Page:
Nearly two years ago, author Inette Miller of Lihue, Hawaii, and husband ’Iokepa Hanalei ’Imaikalani were traveling through Del Norte County on a months-long book tour when a car accident took them on a detour to Crescent City.
The two were driving up U.S. Highway 199 through Hiouchi when they were struck head-on by a vehicle whose driver fled the scene and was later arrested for hit-and-run and driving under the influence.
Miller was admitted to Sutter Coast Hospital with a concussion, six broken ribs and temporary amnesia.
Her husband praised the outpouring of generosity they received from Del Norters, who offered homes to stay in and a car to drive (theirs was totaled).
Miller, a longtime journalist who was a war correspondent for Time magazine in Vietnam, left her possessions behind in Portland, Ore., when she met ’Imaikalani 15 years ago. He sold his home in the Pacific Northwest and together they moved to Hawaii and lived on the beaches. A book about that experience, “Grandmothers Whisper,” was published by Miller in 2010.
Miller recently wrote to the Triplicate about a book tour for a new memoir, “The Return Voyage,” which will include a stop in Crescent City on May 8:
You may or may not remember my name or my husband’s, but we cannot possibly forget the kindness of the Triplicate and the good folks of Crescent City. May 20 will be exactly two years since we were on the final two weeks of a six-month, national book tour for “Grandmothers Whisper.”
Our car was struck by an intoxicated driver, far exceeding the speed limit, and crushed us between his errant car and a giant redwood. We spent the next two-plus weeks as the guests of your town: first in Sutter Coast Hospital and then recovering still in the Lighthouse Inn. Your bright and delightful reporter interviewed us in the hospital, and the town responded with an outpouring of compassion.
On the one-year anniversary of the accident, I wrote a letter to the editor expressing our gratitude. It took that entire year to fully recover from the injuries sustained — most frightening, my short-term memory loss — scary, you will acknowledge, for a writer.
I write again for a most specific reason. In December my husband and I began another five-month national book tour for our new book, “The Return Voyage.” The new book is also memoir; it is an empowering collection of vignettes, authentic and inspiring (we hope) accounts of our experiences speaking on behalf of the Native Hawaiian culture across the nation. Without a doubt, the most deeply moving of all the vignettes in “The Return Voyage” is the wonderful story of our experience in your fine town (a chapter called “There’s More to the Good Story”). When I have read it on our book tour, audiences cry and then insist that they want to know such a place as Crescent City.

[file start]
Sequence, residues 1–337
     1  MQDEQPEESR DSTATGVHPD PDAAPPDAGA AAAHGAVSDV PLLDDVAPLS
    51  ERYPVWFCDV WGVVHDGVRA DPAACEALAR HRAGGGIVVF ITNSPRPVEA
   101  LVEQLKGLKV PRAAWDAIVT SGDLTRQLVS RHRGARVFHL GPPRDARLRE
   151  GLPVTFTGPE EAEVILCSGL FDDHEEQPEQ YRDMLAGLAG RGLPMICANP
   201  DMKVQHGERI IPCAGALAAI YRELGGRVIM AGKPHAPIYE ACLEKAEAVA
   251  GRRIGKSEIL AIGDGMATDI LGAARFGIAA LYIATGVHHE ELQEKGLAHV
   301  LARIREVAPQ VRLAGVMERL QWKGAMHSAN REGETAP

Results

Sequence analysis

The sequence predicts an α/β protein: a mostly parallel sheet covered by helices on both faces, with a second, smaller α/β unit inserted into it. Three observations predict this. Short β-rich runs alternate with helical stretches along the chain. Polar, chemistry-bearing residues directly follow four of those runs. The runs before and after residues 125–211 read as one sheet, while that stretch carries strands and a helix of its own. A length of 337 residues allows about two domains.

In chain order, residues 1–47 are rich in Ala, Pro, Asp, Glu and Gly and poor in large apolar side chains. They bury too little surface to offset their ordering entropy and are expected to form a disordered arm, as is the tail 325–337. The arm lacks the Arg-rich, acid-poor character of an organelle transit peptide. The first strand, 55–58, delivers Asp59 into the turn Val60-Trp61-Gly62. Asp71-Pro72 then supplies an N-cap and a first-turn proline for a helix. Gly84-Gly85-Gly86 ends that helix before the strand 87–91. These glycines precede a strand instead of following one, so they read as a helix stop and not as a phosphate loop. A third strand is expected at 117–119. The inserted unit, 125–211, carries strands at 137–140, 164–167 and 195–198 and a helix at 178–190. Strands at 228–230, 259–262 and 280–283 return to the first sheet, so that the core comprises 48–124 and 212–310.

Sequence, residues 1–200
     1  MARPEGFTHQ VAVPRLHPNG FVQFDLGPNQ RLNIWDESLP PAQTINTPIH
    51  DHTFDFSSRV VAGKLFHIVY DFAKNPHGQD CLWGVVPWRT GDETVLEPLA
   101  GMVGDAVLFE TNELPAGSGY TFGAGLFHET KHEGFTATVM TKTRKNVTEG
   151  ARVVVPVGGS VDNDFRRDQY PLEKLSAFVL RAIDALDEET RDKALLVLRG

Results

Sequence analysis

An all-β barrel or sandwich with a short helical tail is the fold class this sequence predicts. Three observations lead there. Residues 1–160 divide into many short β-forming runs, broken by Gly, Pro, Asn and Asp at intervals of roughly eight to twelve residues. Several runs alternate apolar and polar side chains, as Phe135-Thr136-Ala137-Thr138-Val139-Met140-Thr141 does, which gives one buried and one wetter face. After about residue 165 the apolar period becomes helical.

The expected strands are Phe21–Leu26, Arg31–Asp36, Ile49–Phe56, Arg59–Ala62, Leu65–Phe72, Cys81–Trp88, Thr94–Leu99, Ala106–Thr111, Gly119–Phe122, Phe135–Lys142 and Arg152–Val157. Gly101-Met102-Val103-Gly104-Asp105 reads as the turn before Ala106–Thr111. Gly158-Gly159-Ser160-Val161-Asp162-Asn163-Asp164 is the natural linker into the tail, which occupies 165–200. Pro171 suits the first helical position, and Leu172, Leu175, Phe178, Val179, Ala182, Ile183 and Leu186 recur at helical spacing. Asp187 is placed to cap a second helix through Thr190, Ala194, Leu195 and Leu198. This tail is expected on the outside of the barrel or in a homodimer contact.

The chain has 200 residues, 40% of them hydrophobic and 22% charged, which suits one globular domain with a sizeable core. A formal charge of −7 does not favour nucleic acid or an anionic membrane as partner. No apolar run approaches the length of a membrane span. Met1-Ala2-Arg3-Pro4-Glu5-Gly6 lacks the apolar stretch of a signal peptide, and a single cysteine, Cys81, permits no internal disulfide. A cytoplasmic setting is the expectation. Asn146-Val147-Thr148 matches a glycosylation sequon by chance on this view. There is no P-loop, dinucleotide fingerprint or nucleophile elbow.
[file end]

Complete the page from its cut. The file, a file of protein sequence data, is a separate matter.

But I write to you now because we received (a few months ago) a generous-spirited email from a deputy sheriff in Crescent City insisting that his life had been changed by the book “Grandmothers Whisper.” He enthusiastically invited us to do one of our powerful book events in Crescent City. We were thrilled at the opportunity to return the kindness to your town.
And so, Crescent City will host a free two-hour book publication party in a graciously-donated space at the Lighthouse Inn’s conference room, on Thursday, May 8, at 6:30 p.m. There will be music, food and celebration. We will speak for one hour; we will party, sign books, and chat one-on-one for the second hour. We will renew acquaintances, make new friends and offer our gratitude to the town.
This will be the next-to-last stop on our hectic five-month book tour on the continent that has taken us from NYC to New Orleans, from Sarasota, Florida, to Seattle, from Richmond to Michigan and so much more. After many years of national and international journalism — for the past sixteen years, the focus of my writing has been distinctly not journalistic, but rather memoir.
And the stories that I now tell, while deeply personal on one hand, are decidedly not about me, but about my husband’s very profound (and much-oppressed) Native Hawaiian culture and what it just may have to teach the rest of our struggling planet.
The website www.ReturnVoyage.com tells more about our story.
Our book events are never just another reading. My husband, ‘Iokepa Hanalei ‘Imaikalani — a Native Hawaiian kahu or guardian of the aboriginal culture, will chant; we will both tell stories; I will read from “The Return Voyage.” We will answer questions. No two of our book events are alike. We are utterly responsive to and engaging of our audiences. We’ve loved the diversity, and naturally Crescent city presents us a very special face. We are enormously excited to return there — this time in full form!
Ho’omaika’i — blessings,